“To look at every part of something and repair or replace the parts that do not work; To change something completely in order to improve it.”
If I had to choose one word to define what running has done for me since having my two boys, that’s it. Mind, Body, Soul –- Overhauled.
Let me rewind for a second to bring you up to speed on me. I have been running since high school. I ran 4 years of Cross Country & Track, but my main even in the sport back then was socializing. I had zero competitive edge.
When you hear people say that runners truly make the best friends, that statement is 100% accurate. Many of those teammates I ran with are some of my closest friends to this day, 18 years later. You’ll come to find those people, the ones who you meet through the sport of running, will become some of the most supportive people in your life, even if you just met. Simply put, they just understand the love, effort and daily grind that goes into running.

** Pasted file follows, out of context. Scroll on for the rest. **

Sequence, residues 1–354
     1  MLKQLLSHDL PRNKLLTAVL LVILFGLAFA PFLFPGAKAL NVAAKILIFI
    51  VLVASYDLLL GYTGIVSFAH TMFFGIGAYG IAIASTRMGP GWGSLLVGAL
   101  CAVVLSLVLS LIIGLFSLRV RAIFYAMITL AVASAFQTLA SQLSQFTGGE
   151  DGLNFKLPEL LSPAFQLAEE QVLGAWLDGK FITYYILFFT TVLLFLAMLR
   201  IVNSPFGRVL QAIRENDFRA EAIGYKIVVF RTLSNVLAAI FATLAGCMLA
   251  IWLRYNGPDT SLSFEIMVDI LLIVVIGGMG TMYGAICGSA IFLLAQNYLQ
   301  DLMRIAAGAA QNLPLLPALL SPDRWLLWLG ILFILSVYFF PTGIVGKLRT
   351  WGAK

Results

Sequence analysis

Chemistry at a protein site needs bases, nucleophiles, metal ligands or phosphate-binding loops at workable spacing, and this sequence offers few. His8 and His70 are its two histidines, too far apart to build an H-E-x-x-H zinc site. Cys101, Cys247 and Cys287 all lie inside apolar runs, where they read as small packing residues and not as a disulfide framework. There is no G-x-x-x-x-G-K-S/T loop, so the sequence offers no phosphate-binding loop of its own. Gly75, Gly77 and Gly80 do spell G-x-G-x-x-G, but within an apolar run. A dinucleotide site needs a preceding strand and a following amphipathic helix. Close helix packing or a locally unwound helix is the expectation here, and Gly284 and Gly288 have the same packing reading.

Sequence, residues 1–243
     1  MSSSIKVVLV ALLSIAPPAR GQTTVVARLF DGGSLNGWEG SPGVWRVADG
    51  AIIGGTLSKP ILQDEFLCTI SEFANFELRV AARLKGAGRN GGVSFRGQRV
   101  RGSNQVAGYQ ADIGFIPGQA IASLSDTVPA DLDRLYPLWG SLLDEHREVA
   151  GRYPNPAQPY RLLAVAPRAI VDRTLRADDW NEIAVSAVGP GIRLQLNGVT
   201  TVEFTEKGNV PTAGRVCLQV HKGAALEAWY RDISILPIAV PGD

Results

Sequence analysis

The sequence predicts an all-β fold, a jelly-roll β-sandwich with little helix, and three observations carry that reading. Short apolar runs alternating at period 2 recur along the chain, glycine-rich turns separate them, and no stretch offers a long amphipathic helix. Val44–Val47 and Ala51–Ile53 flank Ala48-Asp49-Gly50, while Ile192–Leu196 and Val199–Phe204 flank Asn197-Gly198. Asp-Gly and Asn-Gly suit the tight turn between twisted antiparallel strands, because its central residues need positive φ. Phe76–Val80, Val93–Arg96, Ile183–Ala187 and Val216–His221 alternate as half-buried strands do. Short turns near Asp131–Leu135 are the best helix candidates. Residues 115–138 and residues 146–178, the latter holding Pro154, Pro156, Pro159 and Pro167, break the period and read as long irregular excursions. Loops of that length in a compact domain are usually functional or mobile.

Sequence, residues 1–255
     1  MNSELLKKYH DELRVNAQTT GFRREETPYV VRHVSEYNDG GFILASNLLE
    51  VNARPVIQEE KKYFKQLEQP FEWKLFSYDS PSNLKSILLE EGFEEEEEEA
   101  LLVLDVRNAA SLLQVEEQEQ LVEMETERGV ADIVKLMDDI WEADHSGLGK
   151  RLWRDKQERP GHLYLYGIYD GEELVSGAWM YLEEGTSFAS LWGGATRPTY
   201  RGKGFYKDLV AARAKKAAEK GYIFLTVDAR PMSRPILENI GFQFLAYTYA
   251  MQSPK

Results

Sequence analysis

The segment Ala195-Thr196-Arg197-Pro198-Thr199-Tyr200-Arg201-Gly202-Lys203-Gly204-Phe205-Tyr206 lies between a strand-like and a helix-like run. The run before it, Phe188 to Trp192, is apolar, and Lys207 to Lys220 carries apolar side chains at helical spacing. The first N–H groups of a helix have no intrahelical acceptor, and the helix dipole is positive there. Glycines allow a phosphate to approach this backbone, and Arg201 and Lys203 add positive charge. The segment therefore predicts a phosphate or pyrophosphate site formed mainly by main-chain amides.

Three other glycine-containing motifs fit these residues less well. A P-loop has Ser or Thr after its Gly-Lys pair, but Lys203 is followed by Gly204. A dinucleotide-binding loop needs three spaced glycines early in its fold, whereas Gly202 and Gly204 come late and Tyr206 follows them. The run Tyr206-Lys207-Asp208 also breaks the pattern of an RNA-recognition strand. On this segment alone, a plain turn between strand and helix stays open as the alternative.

In 2005 I ran my first half marathon. This year, the Giant Race on 9/11/16 marked my 25 th – and also puts me mid-training cycle for my 4 th Full Marathon in November.
Running helped me remain fit after high school, and in addition to full-time work, I went on to become certified as a Personal Trainer, Group Exercise, and Spin Instructor which in turn helped keep my own personal accountability in check fitness-wise.
In 2012, my first Son was born, and 23 months later my youngest son came along. Pregnancy is hard on your body — there is no question about that. Going into pregnancy already fit, I was under the false pretense I would remain that way, with the cute round belly like I’d seen some women have. That was not the case for me.
I slowly tapered off running through my pregnancies, although it was cleared by my doctor. I was too scared. Prior to having my two boys, I had a pregnancy loss and felt like running or anything I would do might somehow cause my pregnancy harm. As a result with my first son, Owen, I had pregnancy-induced hypertension, as I was constantly stressed and worried. Oh, and I gained 68 lbs with the help of my dear friend Little Debbie and her snack cakes!